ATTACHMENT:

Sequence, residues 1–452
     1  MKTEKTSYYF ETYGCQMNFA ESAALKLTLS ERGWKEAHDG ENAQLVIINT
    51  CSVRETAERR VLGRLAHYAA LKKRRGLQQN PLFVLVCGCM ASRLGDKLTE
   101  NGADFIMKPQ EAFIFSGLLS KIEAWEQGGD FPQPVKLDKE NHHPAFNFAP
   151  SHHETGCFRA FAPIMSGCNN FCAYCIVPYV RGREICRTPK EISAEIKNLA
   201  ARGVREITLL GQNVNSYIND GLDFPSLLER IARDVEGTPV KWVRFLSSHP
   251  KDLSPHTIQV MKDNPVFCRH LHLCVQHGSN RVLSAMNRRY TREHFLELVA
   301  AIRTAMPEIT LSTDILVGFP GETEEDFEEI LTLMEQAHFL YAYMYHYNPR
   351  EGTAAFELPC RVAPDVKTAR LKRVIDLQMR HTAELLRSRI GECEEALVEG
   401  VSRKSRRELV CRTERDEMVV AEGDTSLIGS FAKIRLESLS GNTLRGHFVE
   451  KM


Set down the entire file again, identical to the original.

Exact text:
Sequence, residues 1–452
     1  MKTEKTSYYF ETYGCQMNFA ESAALKLTLS ERGWKEAHDG ENAQLVIINT
    51  CSVRETAERR VLGRLAHYAA LKKRRGLQQN PLFVLVCGCM ASRLGDKLTE
   101  NGADFIMKPQ EAFIFSGLLS KIEAWEQGGD FPQPVKLDKE NHHPAFNFAP
   151  SHHETGCFRA FAPIMSGCNN FCAYCIVPYV RGREICRTPK EISAEIKNLA
   201  ARGVREITLL GQNVNSYIND GLDFPSLLER IARDVEGTPV KWVRFLSSHP
   251  KDLSPHTIQV MKDNPVFCRH LHLCVQHGSN RVLSAMNRRY TREHFLELVA
   301  AIRTAMPEIT LSTDILVGFP GETEEDFEEI LTLMEQAHFL YAYMYHYNPR
   351  EGTAAFELPC RVAPDVKTAR LKRVIDLQMR HTAELLRSRI GECEEALVEG
   401  VSRKSRRELV CRTERDEMVV AEGDTSLIGS FAKIRLESLS GNTLRGHFVE
   451  KM